Volusia County is ideally situated in the eastern section of Florida. Rich with arts, entertainment, and recreation, it has a lot to offer. But the real jewel of Volusia County is its four beautiful springs.
Peppered throughout the county, Blue Spring, Green Springs, DeLeon Springs, and Gemini Springs are distinct treasures in their own right and quite enticing for those lucky enough to make Volusia County their home.
Here’s a look at the area’s unique springs, the sought-after recreation they offer, and the way of life it boasts for Volusia County Residents.
Blue Spring is the largest spring on the St. Johns River. Located in the 2,600-acre Blue Spring State Park in Orange City, it’s also the winter home of West Indian Manatees and a designated manatee refuge.
During swimming season, water enthusiasts enjoy the spring’s comfortable 73-degree water by swimming, scuba diving, and snorkeling. They can also take advantage of the fishing, boating, and canoeing opportunities, as well as river-boat tours.
The aforementioned hundreds of manatees make for ample wildlife watching from the spring’s overlook from mid-November through March. Visitors can also take self-guided tours of the historic Thursby House, erected in 1872 in the heyday of the steamboat era or enjoy the picnic areas and three covered pavilions.
Blue Spring makes Volusia County an even better place to call home by allowing residents the chance to see the wonder of wildlife migration in action. Plus, the watersport activities set in the Blue Spring and St. John River are just the thing for an invigorating outing with family and friends.
Located in Enterprise, Green Springs is one of Florida’s few green sulfur springs. It’s nestled in Green Springs Park, which includes 36 acres of natural beauty that can be enjoyed from any of the overlooks and paved nature trails. With free admission and dawn to dusk operating hours, it’s a great place to spend the day from eating at a picnic pavilion or letting the kids enjoy the playground.
Green Springs’ own history is interwoven with that of Volusia County that dates back to early Native American settlers, including the Seminoles and Mayaca, who believed the spring water had healing powers and deemed the land surrounding it as sacred. In 1841, Cornelius Taylor shared that belief and built one of Florida’s original health spas, a hotel, so visitors could benefit from the sulfur springs.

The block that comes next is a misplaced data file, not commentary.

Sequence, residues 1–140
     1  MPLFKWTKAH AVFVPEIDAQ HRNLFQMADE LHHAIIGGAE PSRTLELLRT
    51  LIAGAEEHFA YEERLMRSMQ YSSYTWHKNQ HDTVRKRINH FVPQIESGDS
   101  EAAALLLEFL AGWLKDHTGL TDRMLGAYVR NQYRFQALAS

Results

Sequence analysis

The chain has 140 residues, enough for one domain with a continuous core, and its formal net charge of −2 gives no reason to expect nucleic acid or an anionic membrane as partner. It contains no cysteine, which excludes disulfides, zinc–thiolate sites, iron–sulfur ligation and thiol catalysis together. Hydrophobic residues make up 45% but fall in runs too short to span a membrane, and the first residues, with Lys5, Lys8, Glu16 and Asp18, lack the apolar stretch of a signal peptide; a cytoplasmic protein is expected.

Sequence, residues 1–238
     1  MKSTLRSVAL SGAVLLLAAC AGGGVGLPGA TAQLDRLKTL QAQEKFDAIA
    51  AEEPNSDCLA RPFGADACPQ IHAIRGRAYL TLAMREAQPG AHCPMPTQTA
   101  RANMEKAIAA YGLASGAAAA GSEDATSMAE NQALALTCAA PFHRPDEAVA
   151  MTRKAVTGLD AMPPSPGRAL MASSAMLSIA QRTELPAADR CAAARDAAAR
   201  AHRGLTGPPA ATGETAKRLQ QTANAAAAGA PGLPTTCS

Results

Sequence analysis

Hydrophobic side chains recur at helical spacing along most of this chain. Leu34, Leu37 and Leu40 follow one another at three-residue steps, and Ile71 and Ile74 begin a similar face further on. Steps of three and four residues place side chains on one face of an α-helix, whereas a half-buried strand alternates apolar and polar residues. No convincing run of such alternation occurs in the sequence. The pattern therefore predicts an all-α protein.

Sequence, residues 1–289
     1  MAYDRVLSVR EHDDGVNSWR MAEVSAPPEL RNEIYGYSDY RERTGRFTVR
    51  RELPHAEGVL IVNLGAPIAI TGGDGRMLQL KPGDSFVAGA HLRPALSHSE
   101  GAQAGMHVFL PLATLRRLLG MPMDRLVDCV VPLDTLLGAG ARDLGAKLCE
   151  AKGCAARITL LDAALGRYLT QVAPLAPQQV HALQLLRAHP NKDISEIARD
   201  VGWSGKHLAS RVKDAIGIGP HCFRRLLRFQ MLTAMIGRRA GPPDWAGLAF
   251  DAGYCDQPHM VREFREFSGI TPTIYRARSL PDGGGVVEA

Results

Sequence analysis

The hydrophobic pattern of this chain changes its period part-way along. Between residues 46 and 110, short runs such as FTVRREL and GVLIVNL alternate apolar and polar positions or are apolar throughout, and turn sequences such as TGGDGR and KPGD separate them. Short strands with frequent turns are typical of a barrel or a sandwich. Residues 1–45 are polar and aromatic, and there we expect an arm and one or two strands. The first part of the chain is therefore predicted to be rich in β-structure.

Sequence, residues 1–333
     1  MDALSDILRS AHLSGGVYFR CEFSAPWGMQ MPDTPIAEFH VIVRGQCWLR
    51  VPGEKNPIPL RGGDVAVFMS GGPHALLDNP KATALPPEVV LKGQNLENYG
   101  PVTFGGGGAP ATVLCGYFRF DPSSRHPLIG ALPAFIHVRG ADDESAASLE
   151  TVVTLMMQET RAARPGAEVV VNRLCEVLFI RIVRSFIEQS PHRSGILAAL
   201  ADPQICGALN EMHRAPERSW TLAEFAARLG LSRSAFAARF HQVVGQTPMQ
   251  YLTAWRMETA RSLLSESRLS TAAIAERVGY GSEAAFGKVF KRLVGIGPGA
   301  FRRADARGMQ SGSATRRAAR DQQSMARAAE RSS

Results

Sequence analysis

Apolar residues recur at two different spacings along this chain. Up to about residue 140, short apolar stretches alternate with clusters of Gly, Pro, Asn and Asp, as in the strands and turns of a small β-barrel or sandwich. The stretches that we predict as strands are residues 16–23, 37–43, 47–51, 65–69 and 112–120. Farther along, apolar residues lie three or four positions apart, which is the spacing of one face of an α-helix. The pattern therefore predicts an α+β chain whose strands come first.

Green Springs enhances Volusia County by providing residents with a place to enjoy the outdoors and become enthralled by both the mystique and history of the springs’ gentle sulfur waters.
Located in both the municipality and state park that sport their namesake, DeLeon Springs are cascading springs that produce 19 million gallons of water every day at a year-round 72-degree temperature.
Visitors can access the water by swimmer’s lift, ramp, or stairs. Swimming and limited access snorkeling and scuba diving are also available. Rent out canoes, kayaks, and paddle-boats for exploring the 22,000-acre Lake Woodruff National Wildlife Refuge. Another option is to learn about the Refuge in a 50-minute guided boat tour.
The 625-acre park overlooking the water affords the opportunity for hiking, birding, picnicking, and enjoying the playground. There’s lots of natural beauty to love, including a 600-year-old cypress tree and butterfly garden with hundreds of plants attracting the migrating creatures.
Visitors can also get a literal taste of history at the on-site Sugar Mill Restaurant in a replica of the actual 1830s sugar mill that’s is 100 years old. It’s fun for all ages to cook your own pancakes right at your table!
With a rich history, natural beauty, and activities that encourage lots of memory making, DeLeon Springs makes Volusia County an even better place to call home.
Located in DeLand, FL Gemini Springs is true to its name with a pair of springs that generate 6.5 million gallons of sparkling, clear water every day. It’s great for fishing on the dock (with a freshwater fishing permit), but the 210-acre Gemini Springs Park has lots of other offerings for visitors, too.
The free park is open sunrise to sunset and sports a dog park and camping. Plus, the numerous walkways and trails for biking and walking allow ample opportunity to observe the natural wildlife and vegetation.
Just down the road from Gemini Springs is the town of Enterprise. In Florida’s frontier days, it was teeming with government and commerce activity. Nineteenth-century farming operations at Gemini Springs included citrus, timber, and making turpentine from longleaf pine trees.
The wealth of history and opportunity to exercise in a beautiful natural setting makes Gemini Springs just one more reason outdoor enthusiasts should call Volusia County home.